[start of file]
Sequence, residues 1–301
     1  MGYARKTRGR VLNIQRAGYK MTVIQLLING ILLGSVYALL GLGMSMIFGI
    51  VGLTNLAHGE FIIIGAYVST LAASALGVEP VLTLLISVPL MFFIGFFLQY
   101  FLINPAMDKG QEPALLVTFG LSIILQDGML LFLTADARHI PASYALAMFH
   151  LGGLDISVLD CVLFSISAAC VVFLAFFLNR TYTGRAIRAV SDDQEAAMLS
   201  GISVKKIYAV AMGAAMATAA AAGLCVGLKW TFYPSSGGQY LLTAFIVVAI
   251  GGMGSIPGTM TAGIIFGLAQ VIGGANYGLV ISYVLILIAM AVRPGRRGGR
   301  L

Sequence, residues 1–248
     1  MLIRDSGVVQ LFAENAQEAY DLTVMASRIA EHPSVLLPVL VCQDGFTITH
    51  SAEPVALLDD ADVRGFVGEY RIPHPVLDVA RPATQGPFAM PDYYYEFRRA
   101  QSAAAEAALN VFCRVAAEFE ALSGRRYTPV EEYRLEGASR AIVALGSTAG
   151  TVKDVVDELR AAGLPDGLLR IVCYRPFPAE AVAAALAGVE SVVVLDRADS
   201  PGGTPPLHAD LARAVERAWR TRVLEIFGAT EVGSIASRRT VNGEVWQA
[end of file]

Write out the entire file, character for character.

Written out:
Sequence, residues 1–301
     1  MGYARKTRGR VLNIQRAGYK MTVIQLLING ILLGSVYALL GLGMSMIFGI
    51  VGLTNLAHGE FIIIGAYVST LAASALGVEP VLTLLISVPL MFFIGFFLQY
   101  FLINPAMDKG QEPALLVTFG LSIILQDGML LFLTADARHI PASYALAMFH
   151  LGGLDISVLD CVLFSISAAC VVFLAFFLNR TYTGRAIRAV SDDQEAAMLS
   201  GISVKKIYAV AMGAAMATAA AAGLCVGLKW TFYPSSGGQY LLTAFIVVAI
   251  GGMGSIPGTM TAGIIFGLAQ VIGGANYGLV ISYVLILIAM AVRPGRRGGR
   301  L

Sequence, residues 1–248
     1  MLIRDSGVVQ LFAENAQEAY DLTVMASRIA EHPSVLLPVL VCQDGFTITH
    51  SAEPVALLDD ADVRGFVGEY RIPHPVLDVA RPATQGPFAM PDYYYEFRRA
   101  QSAAAEAALN VFCRVAAEFE ALSGRRYTPV EEYRLEGASR AIVALGSTAG
   151  TVKDVVDELR AAGLPDGLLR IVCYRPFPAE AVAAALAGVE SVVVLDRADS
   201  PGGTPPLHAD LARAVERAWR TRVLEIFGAT EVGSIASRRT VNGEVWQA